Nature provides humans with many things of value—not only the water we drink and the air we breathe, but also crop pollination accomplished by bees, flood protection afforded by wetlands, and the sense of peace we might find standing in a quiet forest. People also depend on nature for environmental commodities such as crops, fish, and fiber, as well as places to live, work, and play.
The term ecosystem services is shorthand for all of these aspects of nature that contribute to human health, wealth, and well-being—and these vital contributions of nature and global biodiversity are deteriorating worldwide. The Ecosystem Services Program at Duke University’s Nicholas Institute for Energy, Environment & Sustainability focuses on ensuring that the environment can sustain future generations by helping public and private decision makers value the benefits natural ecosystems provide.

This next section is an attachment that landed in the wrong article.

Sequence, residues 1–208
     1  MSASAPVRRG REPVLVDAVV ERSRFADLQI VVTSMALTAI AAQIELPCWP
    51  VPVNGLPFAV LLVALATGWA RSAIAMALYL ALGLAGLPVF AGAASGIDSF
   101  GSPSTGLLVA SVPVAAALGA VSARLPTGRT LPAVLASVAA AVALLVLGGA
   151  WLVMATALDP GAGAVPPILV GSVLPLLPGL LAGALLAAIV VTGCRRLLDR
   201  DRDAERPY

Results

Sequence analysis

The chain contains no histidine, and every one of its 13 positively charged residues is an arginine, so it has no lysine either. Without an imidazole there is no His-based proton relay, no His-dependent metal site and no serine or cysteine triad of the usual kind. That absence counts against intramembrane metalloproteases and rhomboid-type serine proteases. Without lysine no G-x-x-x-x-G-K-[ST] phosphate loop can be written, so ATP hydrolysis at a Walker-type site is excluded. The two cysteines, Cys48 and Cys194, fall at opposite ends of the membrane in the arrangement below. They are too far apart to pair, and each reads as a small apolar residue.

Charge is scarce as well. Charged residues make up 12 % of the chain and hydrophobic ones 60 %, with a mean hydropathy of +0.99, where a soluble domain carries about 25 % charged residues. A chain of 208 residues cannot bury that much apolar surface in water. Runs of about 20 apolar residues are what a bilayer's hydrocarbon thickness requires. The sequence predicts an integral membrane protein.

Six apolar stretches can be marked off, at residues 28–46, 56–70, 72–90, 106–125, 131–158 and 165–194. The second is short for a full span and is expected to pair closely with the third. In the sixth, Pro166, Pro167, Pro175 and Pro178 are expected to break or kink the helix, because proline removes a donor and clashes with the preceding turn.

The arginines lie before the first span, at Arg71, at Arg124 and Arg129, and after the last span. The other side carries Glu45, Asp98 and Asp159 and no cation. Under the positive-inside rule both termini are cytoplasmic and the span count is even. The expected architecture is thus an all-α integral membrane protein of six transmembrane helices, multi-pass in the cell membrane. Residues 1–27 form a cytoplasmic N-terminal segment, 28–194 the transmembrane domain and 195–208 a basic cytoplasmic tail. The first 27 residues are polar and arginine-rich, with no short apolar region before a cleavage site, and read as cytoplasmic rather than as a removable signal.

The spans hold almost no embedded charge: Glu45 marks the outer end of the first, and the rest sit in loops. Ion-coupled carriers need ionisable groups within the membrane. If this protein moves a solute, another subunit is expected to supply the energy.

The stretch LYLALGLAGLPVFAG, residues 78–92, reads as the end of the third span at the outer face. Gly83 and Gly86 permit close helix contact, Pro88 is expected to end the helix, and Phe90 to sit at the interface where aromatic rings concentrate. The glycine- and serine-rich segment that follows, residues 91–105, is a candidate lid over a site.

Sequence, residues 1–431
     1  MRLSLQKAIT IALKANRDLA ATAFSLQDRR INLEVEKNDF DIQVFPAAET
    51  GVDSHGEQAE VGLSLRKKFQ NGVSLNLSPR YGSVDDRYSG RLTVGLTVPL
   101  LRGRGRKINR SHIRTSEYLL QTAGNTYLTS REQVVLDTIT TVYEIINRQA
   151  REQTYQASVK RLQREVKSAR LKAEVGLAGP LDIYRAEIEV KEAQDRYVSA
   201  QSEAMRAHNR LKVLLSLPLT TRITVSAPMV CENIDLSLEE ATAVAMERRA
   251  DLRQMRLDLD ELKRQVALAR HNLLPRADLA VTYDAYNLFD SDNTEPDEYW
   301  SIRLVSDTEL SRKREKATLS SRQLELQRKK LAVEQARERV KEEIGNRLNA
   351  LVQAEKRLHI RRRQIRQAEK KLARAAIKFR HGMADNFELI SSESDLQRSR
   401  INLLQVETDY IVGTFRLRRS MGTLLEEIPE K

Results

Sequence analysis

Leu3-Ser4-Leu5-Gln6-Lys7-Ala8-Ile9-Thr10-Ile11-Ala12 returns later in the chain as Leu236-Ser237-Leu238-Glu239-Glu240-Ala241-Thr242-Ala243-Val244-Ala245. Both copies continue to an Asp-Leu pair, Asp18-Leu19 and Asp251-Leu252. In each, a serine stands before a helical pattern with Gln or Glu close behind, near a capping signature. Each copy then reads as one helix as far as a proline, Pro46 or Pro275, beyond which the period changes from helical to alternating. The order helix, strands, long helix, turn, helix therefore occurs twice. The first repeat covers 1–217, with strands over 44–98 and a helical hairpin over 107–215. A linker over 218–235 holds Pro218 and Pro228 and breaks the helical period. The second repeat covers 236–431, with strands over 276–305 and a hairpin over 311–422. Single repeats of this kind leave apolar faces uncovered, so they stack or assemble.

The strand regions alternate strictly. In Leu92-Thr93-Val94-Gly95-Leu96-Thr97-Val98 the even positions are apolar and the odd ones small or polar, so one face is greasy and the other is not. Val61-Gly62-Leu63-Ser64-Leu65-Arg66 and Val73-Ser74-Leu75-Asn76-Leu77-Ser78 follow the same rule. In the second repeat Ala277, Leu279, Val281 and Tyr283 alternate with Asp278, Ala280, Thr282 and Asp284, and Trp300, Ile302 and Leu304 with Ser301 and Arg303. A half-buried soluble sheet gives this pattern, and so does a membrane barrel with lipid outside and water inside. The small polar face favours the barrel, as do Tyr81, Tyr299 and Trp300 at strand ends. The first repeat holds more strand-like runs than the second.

Drawing on the unmatched, diverse expertise of Duke scholars and others outside the university, the program is working to integrate both the direct and indirect value of ecosystem services into strategies and policies. Through the National Ecosystem Services Partnership, researchers are working with federal agencies to develop an approach to account for ecosystem services in planning and management processes.
Duke University is a partner in the Bridge Collaborative, which is inspiring a community of leaders and practitioners from across disciplines, sectors, and perspectives to develop a shared evidence base for solutions that bridge development and environmental sustainability.
In addition to new research on how accounting for ecosystem services can improve both urban planning and water utility management, the program has a body of work focusing on policy design for environmental markets and has developed significant expertise in greenhouse gas mitigation for agriculture and forestry.